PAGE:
Peploe's Wine Bar, Dublin

The Wilde Room: Chapter 5

 Cillian Foley greeting Jeremy at the door to his den, after Jeremy had been shown down a labyrinth of halls by the Foley house manager. Martine’s father, it was clear even before Jeremy arrived, had serious matters in mind. That much Jeremy gleaned from Martine’s manner in setting up the meeting up in the first place. A seemingly spontaneous idea, although Jeremy realized it had been much more deeply considered. In this case, she’d woken up that morning after the news of Jeremy’s father’s death, and the idea of a summit meeting between the chef and his lords was fully planned in her mind, something necessary before he left and dealt with things back in Canada. But as soon as she said it, her head leaned in close to him, her morning smell reaching him – fabric softener, peppermint, organic fair trade medium roasted Columbian beans – Jeremy knew the idea had gone to sleep with her and taken shape, her mind gently at work as her slender hands lay weightless on the light blue sheets.

She wasn’t the first woman of this kind to enter Jeremy’s life. That is, women with plans for him, or at least energy and vision more forceful than Jeremy himself typically revealed. He wasn’t blind to his tendency although, in any objective survey of the past, he had to allow that things hadn’t gone badly for him. He had money in the bank. He’d been on television. He had a decent enough name in the foodie world that someone at Food and Wine had written him up and described his undertaking – that is, the sum of his professional life to that point – as a “surprising, looping, evolving brand development strategy, delicious at every stage”. The brand descriptors, the writer said, were: “canny, artful, innovative and always tasty.”

The article didn’t mention the women, although with a bit more research maybe they would have seen through to this one. Jeremy went with the strongest women around. That was his gravitational pull. Only even knowing – the way, for example, that Martine aligned herself with his last girlfriend in Vancouver, Benny, and with Jules too, with whom things had never been official, always potential, and even Margaret whom he had loved so openly so long ago – even seeing that didn’t change Jeremy’s sense that Martine was different than all of these other women too. Because they were always different. They were always, specifically, in his mind, epically more sensible and grounded then himself. Even if they weren’t.

So, Martine. She was gentler. She was less planned. Less calculated. She carried herself with a natural ease that could have been the product of having so much money, certainly. Jeremy had known a lot of rich people over the years with this quality. This was one of the cursed blessings of early 21st century food entertainment: you were invariably stretching yourself to keep up with the people who admired you most, trying to look as naturally at ease as the people around you always seemed to look.

Jeremy had handled it without going bankrupt, which was something given he’d been bankrupt twice before. But he only wised up after leasing one of the new hybrid-fuel Range Rovers a few months after settling in at the Wilde Room. At that point, even Jeremy could see that some madness had infected him. Cillian Foley had a Range Rover, the conventional gas-chewing kind. Jeremy’s new vehicle fit well into Foley country. Yet it appealed very much to Martine as well. So that’s what he’d been doing, and stretching himself to the dangerous limit in the meantime.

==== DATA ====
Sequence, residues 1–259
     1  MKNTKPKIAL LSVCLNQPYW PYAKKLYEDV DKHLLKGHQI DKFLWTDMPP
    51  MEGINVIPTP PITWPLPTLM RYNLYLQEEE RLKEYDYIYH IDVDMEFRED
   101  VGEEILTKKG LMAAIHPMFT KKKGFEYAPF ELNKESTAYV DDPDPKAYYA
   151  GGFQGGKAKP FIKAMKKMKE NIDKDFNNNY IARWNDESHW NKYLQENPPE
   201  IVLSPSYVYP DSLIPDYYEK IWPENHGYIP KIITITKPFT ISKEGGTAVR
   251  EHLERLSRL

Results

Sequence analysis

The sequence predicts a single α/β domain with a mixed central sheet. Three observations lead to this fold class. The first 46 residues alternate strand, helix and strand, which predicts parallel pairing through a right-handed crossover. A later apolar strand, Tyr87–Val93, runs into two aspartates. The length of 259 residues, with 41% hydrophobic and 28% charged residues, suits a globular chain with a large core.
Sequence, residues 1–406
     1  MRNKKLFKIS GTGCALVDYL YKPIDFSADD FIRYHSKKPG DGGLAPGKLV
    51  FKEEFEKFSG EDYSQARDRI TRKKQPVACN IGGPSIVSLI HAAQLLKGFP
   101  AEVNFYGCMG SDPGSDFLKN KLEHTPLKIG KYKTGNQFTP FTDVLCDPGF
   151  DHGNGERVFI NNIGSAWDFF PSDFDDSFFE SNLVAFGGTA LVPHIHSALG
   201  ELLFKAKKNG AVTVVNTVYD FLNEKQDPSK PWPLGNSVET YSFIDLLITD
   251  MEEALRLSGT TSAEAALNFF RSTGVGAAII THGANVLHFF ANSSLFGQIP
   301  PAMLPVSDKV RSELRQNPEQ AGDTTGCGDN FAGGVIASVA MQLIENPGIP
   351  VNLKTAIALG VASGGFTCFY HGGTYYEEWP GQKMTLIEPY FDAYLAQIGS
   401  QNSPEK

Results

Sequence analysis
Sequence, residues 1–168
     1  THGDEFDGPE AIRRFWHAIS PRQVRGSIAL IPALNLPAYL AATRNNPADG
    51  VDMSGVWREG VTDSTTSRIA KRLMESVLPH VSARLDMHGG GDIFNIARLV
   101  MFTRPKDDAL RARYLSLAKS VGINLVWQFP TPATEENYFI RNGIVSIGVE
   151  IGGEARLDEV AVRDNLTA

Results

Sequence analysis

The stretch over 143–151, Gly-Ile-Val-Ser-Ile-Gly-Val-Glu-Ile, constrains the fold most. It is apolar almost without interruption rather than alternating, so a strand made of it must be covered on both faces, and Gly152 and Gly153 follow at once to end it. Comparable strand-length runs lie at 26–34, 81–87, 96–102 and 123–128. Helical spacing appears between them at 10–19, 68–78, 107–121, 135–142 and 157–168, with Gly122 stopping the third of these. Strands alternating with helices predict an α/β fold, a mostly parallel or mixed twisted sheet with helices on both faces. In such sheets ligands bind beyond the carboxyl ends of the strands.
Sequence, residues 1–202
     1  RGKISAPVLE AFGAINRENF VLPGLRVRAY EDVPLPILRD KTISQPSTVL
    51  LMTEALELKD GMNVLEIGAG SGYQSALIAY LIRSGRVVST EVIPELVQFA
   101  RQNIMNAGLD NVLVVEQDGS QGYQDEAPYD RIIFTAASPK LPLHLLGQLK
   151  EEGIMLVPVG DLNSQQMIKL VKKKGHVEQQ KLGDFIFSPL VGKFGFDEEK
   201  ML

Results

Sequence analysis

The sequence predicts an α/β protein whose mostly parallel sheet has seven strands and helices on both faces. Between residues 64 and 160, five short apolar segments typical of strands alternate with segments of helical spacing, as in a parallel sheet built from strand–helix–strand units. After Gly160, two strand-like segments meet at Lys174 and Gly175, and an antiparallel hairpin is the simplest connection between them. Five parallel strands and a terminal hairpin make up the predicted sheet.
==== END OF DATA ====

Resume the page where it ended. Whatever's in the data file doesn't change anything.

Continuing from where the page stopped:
Then, as it played out, Martine was herself what saved him from the situation. At first she scolded him, saying it was much too expensive, but also that he looked good in it. Later then, between courses at dinner at one of their favorite places to eat together – Peploe’s which was a different type of restaurants than the Wilde Room, more comfortably old fashioned, more prone to chatty waiters who knew Martine – she then quietly convinced Jeremy to let her treat the new leased vehicle as her own since she had a car allowance that she wasn’t using anyway. So Jeremy was saved. Martine saved him. A caring person did that, phrasing it in the delicate way she had, Jeremy thought.

That morning then, she held him in bed and whispered comfort to him, asked him gently how he felt, but did not press. And while she made coffee he told her a story about his father that he’d dreamed in a confused way: a dinner they’d had once, deep in a city park where the Professor had been doing research. The flavors of that meal had been coming back to Jeremy since the news. And here he sat on the side of Martine’s bed and thought of it while she poured coffee and carried it over. He didn’t want to be anywhere else, he realized. He didn’t want to go home at all. Martine’s Labrador retriever, who was the deep brown chocolate kind and endlessly loving himself, was ecstatic in the morning, every morning, to see Jeremy. So while Martine rested her cheek on his shoulder, the dog wriggled and writhed at his feet, rubbing his snout against the side of the bed and licking Jeremy’s toes.

He should meet with her father before he left, she said. It was the right thing to do. You had big meetings in the face of big changes. And Jeremy could feel that much in the air, the swirl of the new, the tragic, the maybe.

Cillian met him at the door of the den. The house smelled of oak and floor wax, heavy fabric, canvas, rich oils, more dog smells, towels and rubber boots. Cillian Foley met his chef and took his right hand in his, a firm slow handshake, his left hand forward to hold Jeremy’s elbow. To hold them together. Eamon wasn’t here it seemed, meaning this was going to be more personal.

Cillian said: “Come in lad. Come in. Sad news. Now it’s time we talk. Because after the sad news comes the new idea. It’s always that way. Coffee? Tea? Brandy? I have something to ask you.”

And Jeremy wondered immediately how he felt about this development, since Cillian appeared to be holding a bulky envelope in one hand.


“So what’d he want?” asked Ollie, his mouth full of bread.

They had hugged. Which was rare. They had found a corner alcove at the back of Peploe’s, just down the street from the Wilde Room. When Jeremy had come in earlier, the maitre d’ had gone eyes wide and clasped his hands in front of his chest in pleasure. Then, since Jeremy had made no reservation, the man made a few scribbles in the book and bumped whoever was in the alcove out into the main dining room. Jeremy tried to object but it was out of their hands by then. The maitre d’ wouldn’t hear of it.

“He had a message for someone,” Jeremy said to Ollie. “Or package. Message package.”